Tag Archives: Perri Shakes-Drayton

Olympic crowds lift the athletes (and Nike treads softly)

6 Aug


Live from London 2012: I’m blogging from the weightlifting arena in the ExCeL tonight.

I’ve been to many of the events held here in the past week, including judo and table tennis, but weightlifting has a particularly great atmosphere. If there’s any sporting discipline that depends on audience participation – it’s this. After all, 220kg won’t lift itself. It also doesn’t matter where these contestants are from as the crowd just wants to see the human body pushed to its limit.

In the tribune

It was my first shift in the tribune today overseeing the Greco-Roman wrestling, which saw 60kg, 84kg and 120kg contenders attempt to flip their opponent to progress to the next round. The arena was packed and the journalists arrived in their droves to cover the event. Although, Prospect Magazine warns that the alternative wrestling style – freestyle – is the least popular Olympic sport. But, even if the audience is small in numbers later this week it shouldn’t affect the atmosphere. Everyone seems happy to get involved and show their support so far.

Brands breaking out

But, let’s not dwell on sports losing out. Rather, let’s focus on sports brands that are winning – Nike

The most talked about sports brand online (with 33% more tweet mentions under event hash tags according to StarCom MediaVest Group via The Wall), ahead of official Olympic sponsor Adidas, has ensured it’s part of the sporting conversation by supplying athletes with plenty of footwear.

Not only have Adidas got the hump because organisers can’t ban athletes from wearing Nike (it’s deemed as a piece of ‘equipment’) but because lots of pairs have been spied on high-profile names. And, to push the boot in, Nike’s also released a range of trainers with department store Liberty.

With a pair made especially for Team GB 400m hurdler Perri Shakes-Drayton who’s yet to take to the track, Nike is making sure it has the upper hand (or foot) when it comes to brand presence and awareness with its Victory Zoom Elite range.

There’s a week of competition left but will Adidas respond? Yes – it sponsored the ‘greatest show on earth’ for long-term positive brand perception. But, with a global captive audience tuning in, there’s plenty of quick-wins that it can’t afford to miss.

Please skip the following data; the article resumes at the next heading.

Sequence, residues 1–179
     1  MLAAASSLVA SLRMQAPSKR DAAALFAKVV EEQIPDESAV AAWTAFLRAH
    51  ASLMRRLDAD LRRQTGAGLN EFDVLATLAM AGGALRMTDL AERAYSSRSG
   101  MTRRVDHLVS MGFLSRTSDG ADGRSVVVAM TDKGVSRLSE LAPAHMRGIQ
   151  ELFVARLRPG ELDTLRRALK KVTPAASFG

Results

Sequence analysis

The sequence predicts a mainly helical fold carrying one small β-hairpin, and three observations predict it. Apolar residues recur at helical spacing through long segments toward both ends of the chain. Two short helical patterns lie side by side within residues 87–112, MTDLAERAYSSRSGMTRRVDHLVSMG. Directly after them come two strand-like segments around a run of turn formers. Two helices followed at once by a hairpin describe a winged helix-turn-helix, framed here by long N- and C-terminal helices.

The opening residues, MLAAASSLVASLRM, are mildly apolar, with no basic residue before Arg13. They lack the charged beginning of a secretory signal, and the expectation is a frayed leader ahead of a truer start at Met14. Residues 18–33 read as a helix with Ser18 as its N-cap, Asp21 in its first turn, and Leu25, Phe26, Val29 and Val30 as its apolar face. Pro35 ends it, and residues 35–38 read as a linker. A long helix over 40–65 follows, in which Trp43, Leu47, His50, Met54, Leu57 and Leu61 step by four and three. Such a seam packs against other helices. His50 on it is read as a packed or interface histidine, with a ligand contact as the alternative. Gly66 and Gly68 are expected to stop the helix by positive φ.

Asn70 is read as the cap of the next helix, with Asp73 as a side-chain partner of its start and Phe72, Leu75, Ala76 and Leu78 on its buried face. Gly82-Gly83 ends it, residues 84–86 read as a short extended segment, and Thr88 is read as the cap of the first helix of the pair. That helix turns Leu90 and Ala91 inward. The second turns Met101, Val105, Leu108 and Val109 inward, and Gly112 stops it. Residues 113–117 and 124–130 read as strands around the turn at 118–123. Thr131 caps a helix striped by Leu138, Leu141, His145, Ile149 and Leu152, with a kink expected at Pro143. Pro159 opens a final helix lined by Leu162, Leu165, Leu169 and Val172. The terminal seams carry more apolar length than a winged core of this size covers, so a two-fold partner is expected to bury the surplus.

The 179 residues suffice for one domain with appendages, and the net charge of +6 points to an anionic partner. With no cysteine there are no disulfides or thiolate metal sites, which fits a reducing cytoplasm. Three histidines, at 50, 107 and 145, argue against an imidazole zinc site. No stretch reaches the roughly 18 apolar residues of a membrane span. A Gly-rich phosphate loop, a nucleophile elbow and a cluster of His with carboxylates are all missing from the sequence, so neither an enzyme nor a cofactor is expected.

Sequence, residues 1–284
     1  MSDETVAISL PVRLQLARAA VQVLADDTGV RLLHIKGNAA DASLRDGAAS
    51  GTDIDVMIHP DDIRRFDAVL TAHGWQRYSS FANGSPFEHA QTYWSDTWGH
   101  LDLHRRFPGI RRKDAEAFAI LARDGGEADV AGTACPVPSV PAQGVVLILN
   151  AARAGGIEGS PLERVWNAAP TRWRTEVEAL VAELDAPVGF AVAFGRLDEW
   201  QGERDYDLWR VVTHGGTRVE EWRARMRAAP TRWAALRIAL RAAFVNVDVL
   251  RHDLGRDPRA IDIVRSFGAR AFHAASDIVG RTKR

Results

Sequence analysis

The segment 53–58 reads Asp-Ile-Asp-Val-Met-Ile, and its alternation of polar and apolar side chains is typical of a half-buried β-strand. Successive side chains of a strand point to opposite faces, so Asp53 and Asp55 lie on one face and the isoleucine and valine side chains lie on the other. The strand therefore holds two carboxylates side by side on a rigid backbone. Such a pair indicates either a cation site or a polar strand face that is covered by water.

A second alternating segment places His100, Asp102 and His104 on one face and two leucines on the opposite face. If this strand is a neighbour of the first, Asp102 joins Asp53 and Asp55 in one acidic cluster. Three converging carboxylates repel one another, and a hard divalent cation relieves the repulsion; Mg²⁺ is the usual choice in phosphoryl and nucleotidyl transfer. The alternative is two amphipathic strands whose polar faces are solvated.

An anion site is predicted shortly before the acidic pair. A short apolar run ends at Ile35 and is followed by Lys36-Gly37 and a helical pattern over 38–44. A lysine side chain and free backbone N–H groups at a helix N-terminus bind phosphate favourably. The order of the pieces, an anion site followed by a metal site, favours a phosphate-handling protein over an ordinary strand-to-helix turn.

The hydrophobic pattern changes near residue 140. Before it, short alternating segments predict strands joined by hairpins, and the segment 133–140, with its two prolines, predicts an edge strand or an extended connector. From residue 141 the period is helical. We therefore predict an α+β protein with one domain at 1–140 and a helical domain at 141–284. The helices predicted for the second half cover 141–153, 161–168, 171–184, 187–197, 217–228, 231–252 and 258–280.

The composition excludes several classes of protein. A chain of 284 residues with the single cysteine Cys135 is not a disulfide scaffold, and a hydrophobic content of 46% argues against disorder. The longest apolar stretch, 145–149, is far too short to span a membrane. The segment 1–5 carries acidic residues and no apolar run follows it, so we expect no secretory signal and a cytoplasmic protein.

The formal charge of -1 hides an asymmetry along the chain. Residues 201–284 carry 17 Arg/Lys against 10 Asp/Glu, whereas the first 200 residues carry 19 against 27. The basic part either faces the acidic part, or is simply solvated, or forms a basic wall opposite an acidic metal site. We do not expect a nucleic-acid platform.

Call the Doctor

On another note, have you noticed how most athletes listen to music before they take to the stage? Have you noticed how they all have similar ‘over the ear’ DJ headphones? That’s because brand Beats by Dre have distributed them as gifts to athletes in a side-step marketing move that avoids slapped wrists by LOCOG. This tactic should make sure that Olympic sponsor Panasonic, which manages the TVs and big screens at the venues but also manufacturers headphones, gets the message too – step up or lose out.


The Voice is finally heard

18 Jul

We all know that the ‘greatest show on earth’ is landing in London in nine days time. When it launches, the world’s media will be ready to report on the wide range of athletes and events – all hoping for a record-breaking scoop from the Olympic Stadium.

But this dream was almost destroyed for Britain’s leading black newspaper The Voice earlier this week when it went public on the British Olympic Association’s (BOA) decision to throw its accreditation application out of the window. Instead, the title was given a handful of football passes as a consolation prize. But, who’s interested in this? Hardly anyone by the sounds of it as half a million were withdrawn  from sale last night.

Fortunately, a successful two-day campaign led by Zita Holbourne, member of the Trades Union Congress’ race relations committee, has forced the BOA to reverse its decision.

I appreciate that the BOA’s original decision was likely to have been based on space in the stadium. And, The Voice’s lesser-known media profile and small circulation (approximately 30,000) may also have contributed. But, it’s ludicrous that our home-grown media, which champion our home-grown athletes, were almost banned from our Olympics.

All eyes will be on the fastest man alive, Usain Bolt, later this month who just so happens to be black. Yet, the biggest black paper – which coincidentally turns 30 next month – was nearly banned from connecting with its readers in real-time as he settles into the sprinting blocks. Not to mention Team GB’s Mo Farah (5,000 and 10,000 metres), Phillips Idowu (triple jump) and Perri Shakes-Drayton (400m hurdler).

It’s such a shame that the BOA even questioned whether a black paper should celebrate the achievements of all British, African and Caribbean athletes at a sporting event that’s meant to welcome, and embrace, diversity. Thankfully, for the BOA, this didn’t blow up into a race issue. Otherwise they could’ve had a riot on their hands and then who would’ve protected us? (We’re lacking in security don’t you know?)

Instead, it turned into a political issue. The Voice’s quick-thinking campaign was backed by Mayor Boris Johnson, Tessa Jewell and 2,774 others who signed the online petition.

The Voice’s sports editor Rodney Hinds made a fair point when he said it didn’t make sense for the BOA to accredit numerous journalists from the same title when it meant an entire community would be sidelined. If only they’d had a sixth sense and foreseen this uproar.

Let’s just hope everything continues smoothly for the organisers in the final days before the Gamnes to ensure they are what they should be – fair.

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